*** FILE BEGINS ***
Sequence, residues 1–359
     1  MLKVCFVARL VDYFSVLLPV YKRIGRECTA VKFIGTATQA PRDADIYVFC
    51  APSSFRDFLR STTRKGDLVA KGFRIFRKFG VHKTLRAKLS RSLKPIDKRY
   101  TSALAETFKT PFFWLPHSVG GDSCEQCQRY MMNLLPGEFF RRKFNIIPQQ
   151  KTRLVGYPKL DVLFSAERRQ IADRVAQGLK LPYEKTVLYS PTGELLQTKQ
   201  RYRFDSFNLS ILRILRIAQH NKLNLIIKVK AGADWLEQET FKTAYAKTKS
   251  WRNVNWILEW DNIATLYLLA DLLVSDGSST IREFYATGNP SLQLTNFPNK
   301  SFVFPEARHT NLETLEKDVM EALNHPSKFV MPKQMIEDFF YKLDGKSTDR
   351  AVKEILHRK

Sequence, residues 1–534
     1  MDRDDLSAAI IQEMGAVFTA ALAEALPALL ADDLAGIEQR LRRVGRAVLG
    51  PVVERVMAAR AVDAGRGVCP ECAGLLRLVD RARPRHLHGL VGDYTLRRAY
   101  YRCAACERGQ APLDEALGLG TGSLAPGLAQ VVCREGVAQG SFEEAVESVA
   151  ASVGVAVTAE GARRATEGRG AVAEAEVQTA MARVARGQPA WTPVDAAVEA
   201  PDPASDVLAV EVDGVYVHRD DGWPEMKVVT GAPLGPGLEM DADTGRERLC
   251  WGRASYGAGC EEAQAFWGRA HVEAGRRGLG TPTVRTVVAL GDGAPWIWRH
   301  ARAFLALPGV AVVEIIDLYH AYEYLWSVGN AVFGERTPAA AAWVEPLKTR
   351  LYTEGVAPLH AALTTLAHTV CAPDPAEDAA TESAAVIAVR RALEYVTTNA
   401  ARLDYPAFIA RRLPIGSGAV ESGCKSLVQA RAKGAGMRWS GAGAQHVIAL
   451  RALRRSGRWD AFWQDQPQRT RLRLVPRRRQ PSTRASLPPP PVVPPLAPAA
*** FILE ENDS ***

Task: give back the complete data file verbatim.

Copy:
Sequence, residues 1–359
     1  MLKVCFVARL VDYFSVLLPV YKRIGRECTA VKFIGTATQA PRDADIYVFC
    51  APSSFRDFLR STTRKGDLVA KGFRIFRKFG VHKTLRAKLS RSLKPIDKRY
   101  TSALAETFKT PFFWLPHSVG GDSCEQCQRY MMNLLPGEFF RRKFNIIPQQ
   151  KTRLVGYPKL DVLFSAERRQ IADRVAQGLK LPYEKTVLYS PTGELLQTKQ
   201  RYRFDSFNLS ILRILRIAQH NKLNLIIKVK AGADWLEQET FKTAYAKTKS
   251  WRNVNWILEW DNIATLYLLA DLLVSDGSST IREFYATGNP SLQLTNFPNK
   301  SFVFPEARHT NLETLEKDVM EALNHPSKFV MPKQMIEDFF YKLDGKSTDR
   351  AVKEILHRK

Sequence, residues 1–534
     1  MDRDDLSAAI IQEMGAVFTA ALAEALPALL ADDLAGIEQR LRRVGRAVLG
    51  PVVERVMAAR AVDAGRGVCP ECAGLLRLVD RARPRHLHGL VGDYTLRRAY
   101  YRCAACERGQ APLDEALGLG TGSLAPGLAQ VVCREGVAQG SFEEAVESVA
   151  ASVGVAVTAE GARRATEGRG AVAEAEVQTA MARVARGQPA WTPVDAAVEA
   201  PDPASDVLAV EVDGVYVHRD DGWPEMKVVT GAPLGPGLEM DADTGRERLC
   251  WGRASYGAGC EEAQAFWGRA HVEAGRRGLG TPTVRTVVAL GDGAPWIWRH
   301  ARAFLALPGV AVVEIIDLYH AYEYLWSVGN AVFGERTPAA AAWVEPLKTR
   351  LYTEGVAPLH AALTTLAHTV CAPDPAEDAA TESAAVIAVR RALEYVTTNA
   401  ARLDYPAFIA RRLPIGSGAV ESGCKSLVQA RAKGAGMRWS GAGAQHVIAL
   451  RALRRSGRWD AFWQDQPQRT RLRLVPRRRQ PSTRASLPPP PVVPPLAPAA